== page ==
William D. Hubbard
William DeHart Hubbard was the first African American to win a gold medal in an individual competition in the Olympic Games. He was born on November 25, 1903, in Cincinnati, Ohio. After completing high school in Cincinnati, Hubbard enrolled at the University of Michigan, where he excelled as a track and field athlete. In 1924, Hubbard participated in the running long jump at the Olympic Games in Paris, France. He won the gold medal.
In 1925, he set the world record in the long jump and, in 1926, tied the world record in the one hundred-yard dash. Hubbard also represented the United States in the 1928 Olympics.
Hubbard graduated from the University of Michigan in 1927. He accepted a position as the supervisor of the Department of Colored Work for the Cincinnati Public Recreation Commission. He remained in this position until 1941. He then accepted a job as the manager of Valley Homes, a public housing project in Cincinnati. The next year, Hubbard moved to Cleveland, Ohio, where he worked for the Federal Public Housing Authority. He retired in 1969 and died on June 23, 1976.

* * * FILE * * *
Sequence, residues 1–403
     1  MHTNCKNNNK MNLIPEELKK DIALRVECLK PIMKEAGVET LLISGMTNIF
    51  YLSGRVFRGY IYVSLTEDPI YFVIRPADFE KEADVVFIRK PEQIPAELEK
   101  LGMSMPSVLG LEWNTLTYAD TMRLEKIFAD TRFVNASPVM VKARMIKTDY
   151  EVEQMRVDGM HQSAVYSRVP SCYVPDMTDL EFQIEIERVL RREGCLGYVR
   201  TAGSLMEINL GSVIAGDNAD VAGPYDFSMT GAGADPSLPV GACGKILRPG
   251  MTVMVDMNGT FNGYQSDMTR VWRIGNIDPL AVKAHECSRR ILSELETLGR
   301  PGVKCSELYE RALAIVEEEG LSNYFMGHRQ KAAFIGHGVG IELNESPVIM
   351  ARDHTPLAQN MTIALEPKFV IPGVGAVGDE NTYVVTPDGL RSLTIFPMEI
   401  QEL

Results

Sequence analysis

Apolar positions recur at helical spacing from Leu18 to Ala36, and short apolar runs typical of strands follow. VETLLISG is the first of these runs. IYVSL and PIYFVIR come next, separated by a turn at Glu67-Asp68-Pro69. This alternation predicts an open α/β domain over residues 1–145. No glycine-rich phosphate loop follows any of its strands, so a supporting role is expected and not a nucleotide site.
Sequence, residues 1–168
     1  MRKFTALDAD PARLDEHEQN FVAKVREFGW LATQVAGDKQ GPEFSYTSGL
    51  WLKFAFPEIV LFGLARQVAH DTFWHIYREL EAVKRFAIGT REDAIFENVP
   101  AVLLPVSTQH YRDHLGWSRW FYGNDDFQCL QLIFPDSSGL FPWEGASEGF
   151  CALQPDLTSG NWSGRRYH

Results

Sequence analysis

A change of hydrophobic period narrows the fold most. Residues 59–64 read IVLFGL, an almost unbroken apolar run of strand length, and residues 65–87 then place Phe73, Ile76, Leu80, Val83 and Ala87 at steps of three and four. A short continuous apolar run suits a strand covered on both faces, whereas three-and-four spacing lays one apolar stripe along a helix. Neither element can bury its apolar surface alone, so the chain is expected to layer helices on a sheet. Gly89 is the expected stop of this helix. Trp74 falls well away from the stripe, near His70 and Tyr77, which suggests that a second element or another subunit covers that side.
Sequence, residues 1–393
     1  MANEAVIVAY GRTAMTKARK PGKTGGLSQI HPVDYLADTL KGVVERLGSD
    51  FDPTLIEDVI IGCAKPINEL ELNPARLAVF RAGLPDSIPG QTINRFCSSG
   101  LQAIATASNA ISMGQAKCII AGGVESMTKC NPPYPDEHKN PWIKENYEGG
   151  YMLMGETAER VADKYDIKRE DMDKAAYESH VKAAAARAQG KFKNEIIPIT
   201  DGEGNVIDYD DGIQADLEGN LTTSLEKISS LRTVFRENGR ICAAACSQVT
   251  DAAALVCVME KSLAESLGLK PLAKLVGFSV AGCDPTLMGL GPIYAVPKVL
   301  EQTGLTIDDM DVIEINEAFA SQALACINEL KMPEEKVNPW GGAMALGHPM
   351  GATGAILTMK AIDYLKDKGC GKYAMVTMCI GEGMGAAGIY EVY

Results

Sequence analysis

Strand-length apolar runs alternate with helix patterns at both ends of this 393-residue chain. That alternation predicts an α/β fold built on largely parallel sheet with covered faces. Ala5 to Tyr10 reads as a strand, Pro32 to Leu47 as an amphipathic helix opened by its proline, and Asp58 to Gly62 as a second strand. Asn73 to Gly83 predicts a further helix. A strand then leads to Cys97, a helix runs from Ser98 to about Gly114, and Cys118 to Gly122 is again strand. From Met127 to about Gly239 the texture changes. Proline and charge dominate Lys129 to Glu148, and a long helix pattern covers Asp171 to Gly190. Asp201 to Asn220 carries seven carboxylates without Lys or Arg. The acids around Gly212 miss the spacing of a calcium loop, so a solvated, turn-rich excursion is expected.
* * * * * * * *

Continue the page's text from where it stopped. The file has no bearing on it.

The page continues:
In addition to participating in track and field events, Hubbard also was an avid bowler. He served as the president of the National Bowling Association during the 1950s. He also founded the Cincinnati Tigers, a professional baseball team, which played in the Negro American League. In 1957, Hubbard was elected to the National Track Hall of Fame.